I took an unintended sabbatical from writing here. Life is precious and time is limited. Everyday decisions are made what to do with the allotted time we have in a day, and the numbered days we have in this life.
A consistent prayer I have is, “Lord, please make it matter. Make what I do, with this life You’ve given me, matter to more than just me.” It’s my prayer as I sit down to write every post and it’s a prayer that is the reason I’ve been unable to write one for some time now.
The Lord presented an opportunity to me that required I take five days away from my family. As we all know, heading out for a few days requires a lot of pre-planning and arranging; not to mention the tear-at-your-heart comments like, “Do you really have to go?” and “I want to go with you.” Sometimes what the Lord calls us to do requires something that many don’t want to give….sacrifice.
For me it was a sacrifice of time, a sacrifice of emotion, and a sacrifice of comfort. The time away meant putting other responsibilities on the back burner, thus costing more time upon arriving back home. The whole trip I missed my husband and kids immensely; which was a bizarre thing that a grown woman could feel so homesick; coupled with the insignificant, but obvious discomforts of being away from home.
But what a loss it would be if we only weighed the sacrifice and ended up missing the blessing!
The Oklahoma Firefighter’s Burn Camp was started back in 1999. I learned of this camp when I was back in the burn center for some more rounds of releases and skin grafts in the summer of 2005. This was something I desired getting involved in, but was unable to do so until now.
My participation in this year’s burn camp was an experience I didn’t imagine or anticipate. I arrived to learn that my camper would be a 4 year-old little girl; close to turning five. I didn’t even know kids could attend camp that young, or that my little camper would handle being away from her mama for five days. One thing I did quickly learn is that this little girl just so happened to have sustained her injury during the brief four month period that I externed in the burn center almost two years ago. So I actually got to take care of her a bit. It was a special connection right from the start.
Mady was my little camper. I spent time away from my children and filled in as a mom for Mady, to experience a camp that was deeply meaningful for both camper and counselor; both burn survivors. I tended to Mady’s little needs and watched as she was able to relish in the attention and love of those around her; from those older campers, counselors and staff. I observed the beginnings of new relationships; ones that I fondly imagine will stay with Mady throughout her entire life, and serve as a source of strength in the days that can be so very difficult.
These observations had me constantly thinking, “I wish they had had something like this when I was growing up.” People bond through similar experiences, and I believe more so for kids. Even as an adult, there was security and comfort like I had never experienced. For example, going to the pool in my swimsuit and everyone having scars just like me; not being the “different” one.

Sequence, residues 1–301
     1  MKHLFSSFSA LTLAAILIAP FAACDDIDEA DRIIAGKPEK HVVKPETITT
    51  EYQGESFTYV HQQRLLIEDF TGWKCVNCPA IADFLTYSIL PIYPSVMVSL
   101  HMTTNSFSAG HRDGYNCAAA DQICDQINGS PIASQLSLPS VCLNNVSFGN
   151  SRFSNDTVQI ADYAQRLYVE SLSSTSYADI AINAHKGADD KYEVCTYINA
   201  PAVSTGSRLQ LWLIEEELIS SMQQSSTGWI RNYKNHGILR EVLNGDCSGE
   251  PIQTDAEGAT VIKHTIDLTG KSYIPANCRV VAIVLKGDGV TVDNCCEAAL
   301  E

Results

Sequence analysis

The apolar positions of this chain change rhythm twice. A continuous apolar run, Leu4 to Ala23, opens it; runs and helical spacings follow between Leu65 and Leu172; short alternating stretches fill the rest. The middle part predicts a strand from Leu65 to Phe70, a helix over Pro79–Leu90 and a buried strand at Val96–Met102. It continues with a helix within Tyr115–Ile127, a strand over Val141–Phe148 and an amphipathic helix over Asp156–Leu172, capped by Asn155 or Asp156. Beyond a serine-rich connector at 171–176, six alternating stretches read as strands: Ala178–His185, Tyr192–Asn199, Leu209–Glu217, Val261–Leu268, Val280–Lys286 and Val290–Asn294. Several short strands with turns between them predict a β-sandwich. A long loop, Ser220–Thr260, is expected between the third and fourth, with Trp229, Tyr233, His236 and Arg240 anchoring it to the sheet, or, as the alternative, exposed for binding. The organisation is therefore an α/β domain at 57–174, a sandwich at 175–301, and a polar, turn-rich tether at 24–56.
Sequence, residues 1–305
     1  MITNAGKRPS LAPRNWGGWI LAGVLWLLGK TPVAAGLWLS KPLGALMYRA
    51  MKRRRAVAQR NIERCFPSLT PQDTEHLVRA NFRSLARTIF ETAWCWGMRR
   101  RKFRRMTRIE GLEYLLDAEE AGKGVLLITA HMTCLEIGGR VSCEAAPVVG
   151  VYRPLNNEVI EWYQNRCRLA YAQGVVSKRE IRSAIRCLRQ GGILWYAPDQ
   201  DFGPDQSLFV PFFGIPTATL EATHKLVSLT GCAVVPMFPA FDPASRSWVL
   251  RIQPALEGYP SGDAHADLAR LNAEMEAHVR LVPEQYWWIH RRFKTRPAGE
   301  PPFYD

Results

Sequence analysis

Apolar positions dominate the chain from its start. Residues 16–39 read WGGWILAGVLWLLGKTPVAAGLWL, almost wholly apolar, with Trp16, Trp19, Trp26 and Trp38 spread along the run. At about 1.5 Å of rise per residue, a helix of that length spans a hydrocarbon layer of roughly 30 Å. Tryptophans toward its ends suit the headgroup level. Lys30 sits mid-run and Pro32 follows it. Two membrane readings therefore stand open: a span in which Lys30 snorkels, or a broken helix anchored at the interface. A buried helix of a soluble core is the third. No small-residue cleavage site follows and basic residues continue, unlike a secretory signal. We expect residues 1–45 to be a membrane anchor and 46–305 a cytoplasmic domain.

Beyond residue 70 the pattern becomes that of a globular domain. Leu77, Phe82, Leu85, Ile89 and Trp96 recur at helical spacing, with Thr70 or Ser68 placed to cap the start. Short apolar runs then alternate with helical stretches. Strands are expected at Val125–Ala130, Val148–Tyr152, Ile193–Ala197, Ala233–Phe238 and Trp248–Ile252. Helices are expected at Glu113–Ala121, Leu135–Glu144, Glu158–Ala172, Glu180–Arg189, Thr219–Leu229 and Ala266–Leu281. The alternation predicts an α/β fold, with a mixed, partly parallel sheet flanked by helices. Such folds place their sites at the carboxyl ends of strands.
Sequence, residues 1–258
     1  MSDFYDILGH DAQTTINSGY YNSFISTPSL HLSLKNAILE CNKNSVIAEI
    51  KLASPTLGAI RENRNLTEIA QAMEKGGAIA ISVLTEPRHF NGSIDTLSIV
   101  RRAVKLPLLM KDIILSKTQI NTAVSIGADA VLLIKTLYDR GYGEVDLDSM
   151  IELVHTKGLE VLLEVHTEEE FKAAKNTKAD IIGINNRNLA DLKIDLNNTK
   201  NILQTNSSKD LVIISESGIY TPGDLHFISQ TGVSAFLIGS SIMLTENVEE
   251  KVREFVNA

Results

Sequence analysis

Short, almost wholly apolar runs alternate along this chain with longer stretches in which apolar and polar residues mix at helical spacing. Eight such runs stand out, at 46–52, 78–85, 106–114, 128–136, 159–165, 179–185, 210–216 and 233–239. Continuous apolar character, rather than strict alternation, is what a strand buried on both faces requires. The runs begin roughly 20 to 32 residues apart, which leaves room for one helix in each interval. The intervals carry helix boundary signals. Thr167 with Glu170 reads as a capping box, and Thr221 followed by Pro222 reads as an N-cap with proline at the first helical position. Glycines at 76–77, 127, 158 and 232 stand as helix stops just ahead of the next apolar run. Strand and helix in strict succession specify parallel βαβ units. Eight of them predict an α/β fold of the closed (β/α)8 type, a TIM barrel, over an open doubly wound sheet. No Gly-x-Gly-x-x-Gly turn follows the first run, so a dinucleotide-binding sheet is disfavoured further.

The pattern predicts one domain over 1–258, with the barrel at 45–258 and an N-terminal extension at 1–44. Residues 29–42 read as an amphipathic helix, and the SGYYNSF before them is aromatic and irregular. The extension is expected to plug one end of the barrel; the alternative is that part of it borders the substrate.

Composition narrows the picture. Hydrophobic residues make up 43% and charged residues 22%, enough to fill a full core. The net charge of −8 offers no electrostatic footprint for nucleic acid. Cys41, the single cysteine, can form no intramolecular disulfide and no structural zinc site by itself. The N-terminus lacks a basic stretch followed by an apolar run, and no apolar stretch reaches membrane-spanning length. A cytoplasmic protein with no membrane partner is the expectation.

I was overwhelmed to see the amount of time and financial contributions made to make this camp possible for the kids. It stirs quite the emotion to think those who make this camp happen have most likely never encountered firsthand the physical and emotional pain, the anger, the regret, the confusion, and all the other boat load of emotions that burn survivors have; especially kids who don’t have the coping skills or psychological development to process these things. The individual and corporate contributors allow themselves to try to imagine the unfair reality that these young people have encountered, and they give to make life grand for them, even if it’s just for those five days.
In an interview a couple of years ago I expressed how life after a burn injury is never the same, but that it can still be good. Unfortunately, that comment was edited, so the full thought didn’t come across as I had intended. Nevertheless, it’s a truth I’ve come to realize. My life would be much different had that tragic accident never occurred. If we just hadn’t decided to get out on the road, it would have never happened. My brother would be alive. I would not have scars covering my body. I would not have experienced the horrendous pain. I would not have had the challenge to learn to walk again. I would not have reoccurring skin tears. I would not have had the complications and risks during my pregnancies with my children.
One decision could have prevented it all. It’s obvious what I lost. And yet….and yet I gained so very much. I gained the realization of the courage and determination within me. I gained the importance of character over attractiveness. I gained the security of a husband’s genuine love over men’s fleeting flattery. I gained an entire family of healthcare providers rather than impersonal doctors and nurses. Above all, I gained an opportunity to literally see the hand of God at work in my life. I gained a story that I feel makes the scars beautiful.
And that is burn camp; overcomers, coming together, with a beautiful story, from the scars we carry.
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